GRASSTOWNE, “Kickin’ Up Dust,” Rural Rhythm. 12 tracks.

Grasstowne became an instant supergroup when it burst on the bluegrass scene in 2007 with “The Road Headin’ Home,” a strong debut album that sent a single — “Dixie Flyer” — to the top of Bluegrass Unlimited’s charts for three consecutive months.

Its three leaders were established stars in their own rights.

Phil Leadbetter, one of the top resonator guitarists in bluegrass, had spent years with J.D. Crowe’s New South and then Wildfire.

Steve Gulley made his mark with Doyle Lawson’s Quicksilver and then became a founding member of Mountain Heart.

And Alan Bibey built his reputation with IIIrd Tyme Out and Blueridge before becoming a founding member of Grasstowne.

Last year, Leadbetter left Grasstowne to join The Whites.

But aside from the absence of Leadbetter’s resonator guitar, Grasstowne still sounds the same since Gulley and Bibey are still alternating singing lead.

Both are good songwriters and between them they contributed five songs to “Kickin’ Up Dust.”

Bibey wrote “Up In The Wheelhouse,” an uptempo instrumental, and collaborated with Gulley on “Run,” a blazing tune about Bonnie and Clyde, Pretty Boy Floyd and Molly & Tenbrooks; “Somewhere Between Givin’ In And Givin’ Up,” a midtempo song about a couple struggling with a relationship; “Anchor In The Storm,” an uptempo gospel number; and “Vicksburg,” a Civil War song.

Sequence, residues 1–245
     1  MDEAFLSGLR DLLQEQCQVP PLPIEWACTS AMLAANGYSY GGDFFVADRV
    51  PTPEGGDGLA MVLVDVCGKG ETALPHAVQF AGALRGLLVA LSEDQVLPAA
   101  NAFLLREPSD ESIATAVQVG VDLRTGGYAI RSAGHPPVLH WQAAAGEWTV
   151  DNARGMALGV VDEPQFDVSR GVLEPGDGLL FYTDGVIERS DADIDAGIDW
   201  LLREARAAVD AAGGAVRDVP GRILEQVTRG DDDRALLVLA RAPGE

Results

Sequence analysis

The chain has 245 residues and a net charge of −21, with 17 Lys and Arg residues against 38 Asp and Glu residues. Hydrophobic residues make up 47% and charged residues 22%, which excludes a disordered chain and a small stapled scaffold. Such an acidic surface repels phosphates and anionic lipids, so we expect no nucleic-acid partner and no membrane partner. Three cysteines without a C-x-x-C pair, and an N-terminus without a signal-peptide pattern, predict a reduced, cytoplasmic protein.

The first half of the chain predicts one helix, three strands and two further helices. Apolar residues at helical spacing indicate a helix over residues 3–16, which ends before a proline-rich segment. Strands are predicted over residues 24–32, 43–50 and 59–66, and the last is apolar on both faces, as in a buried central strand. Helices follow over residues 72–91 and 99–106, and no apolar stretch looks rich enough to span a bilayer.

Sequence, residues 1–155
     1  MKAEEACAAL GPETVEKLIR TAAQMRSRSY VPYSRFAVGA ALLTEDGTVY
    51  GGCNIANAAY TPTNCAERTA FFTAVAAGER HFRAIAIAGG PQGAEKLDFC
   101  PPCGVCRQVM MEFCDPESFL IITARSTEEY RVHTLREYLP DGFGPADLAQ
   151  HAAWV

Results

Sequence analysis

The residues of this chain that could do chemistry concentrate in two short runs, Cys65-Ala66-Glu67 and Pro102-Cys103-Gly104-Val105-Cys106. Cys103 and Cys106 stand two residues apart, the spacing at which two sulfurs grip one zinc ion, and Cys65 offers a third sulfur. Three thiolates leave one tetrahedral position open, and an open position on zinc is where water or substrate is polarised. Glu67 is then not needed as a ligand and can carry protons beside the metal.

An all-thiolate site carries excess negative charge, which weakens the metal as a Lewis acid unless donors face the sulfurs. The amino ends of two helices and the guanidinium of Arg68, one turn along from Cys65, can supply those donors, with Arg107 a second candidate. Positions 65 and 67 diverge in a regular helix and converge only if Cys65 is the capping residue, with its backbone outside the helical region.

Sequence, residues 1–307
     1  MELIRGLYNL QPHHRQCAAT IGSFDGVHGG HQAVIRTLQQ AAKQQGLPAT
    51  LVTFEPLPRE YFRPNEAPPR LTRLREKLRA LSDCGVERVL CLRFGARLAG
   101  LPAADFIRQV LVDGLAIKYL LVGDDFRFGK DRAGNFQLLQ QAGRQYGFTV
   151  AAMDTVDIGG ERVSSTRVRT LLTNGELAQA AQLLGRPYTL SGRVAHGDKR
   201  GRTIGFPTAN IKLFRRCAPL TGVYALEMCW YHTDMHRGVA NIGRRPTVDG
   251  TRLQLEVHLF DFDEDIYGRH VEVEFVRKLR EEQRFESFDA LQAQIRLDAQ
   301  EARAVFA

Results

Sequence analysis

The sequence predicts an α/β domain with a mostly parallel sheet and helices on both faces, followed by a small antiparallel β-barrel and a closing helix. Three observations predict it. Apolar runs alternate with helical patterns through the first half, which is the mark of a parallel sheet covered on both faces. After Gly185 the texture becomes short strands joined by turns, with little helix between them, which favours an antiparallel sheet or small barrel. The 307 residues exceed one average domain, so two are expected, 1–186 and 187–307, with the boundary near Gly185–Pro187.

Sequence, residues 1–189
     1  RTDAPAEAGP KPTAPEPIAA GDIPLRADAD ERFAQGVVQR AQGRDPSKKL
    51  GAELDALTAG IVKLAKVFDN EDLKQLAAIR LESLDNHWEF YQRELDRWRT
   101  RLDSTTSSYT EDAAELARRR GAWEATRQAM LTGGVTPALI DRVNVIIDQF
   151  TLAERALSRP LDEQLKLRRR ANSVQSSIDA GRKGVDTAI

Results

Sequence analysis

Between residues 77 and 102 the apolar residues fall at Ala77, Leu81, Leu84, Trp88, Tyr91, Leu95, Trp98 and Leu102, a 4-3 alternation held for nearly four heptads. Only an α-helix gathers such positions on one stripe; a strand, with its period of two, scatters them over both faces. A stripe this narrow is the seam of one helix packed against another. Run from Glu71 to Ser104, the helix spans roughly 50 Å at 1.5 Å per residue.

Highlights include “Blue Rocking Chair,” an uptempo song about an old chair that’s seen a lot of family history; “I Don’t Worry About You Anymore,” a song about a cheating lover; “Our Father,” a great a capella gospel song; and the title cut, which is the album’s first single.

Can’t find it in stores? Try

Explore posts in the same categories: Uncategorized

Tags: , , ,

You can comment below, or link to this permanent URL from your own site.

Leave a Reply

Fill in your details below or click an icon to log in: Logo

You are commenting using your account. Log Out / Change )

Twitter picture

You are commenting using your Twitter account. Log Out / Change )

Facebook photo

You are commenting using your Facebook account. Log Out / Change )

Google+ photo

You are commenting using your Google+ account. Log Out / Change )

Connecting to %s

%d bloggers like this: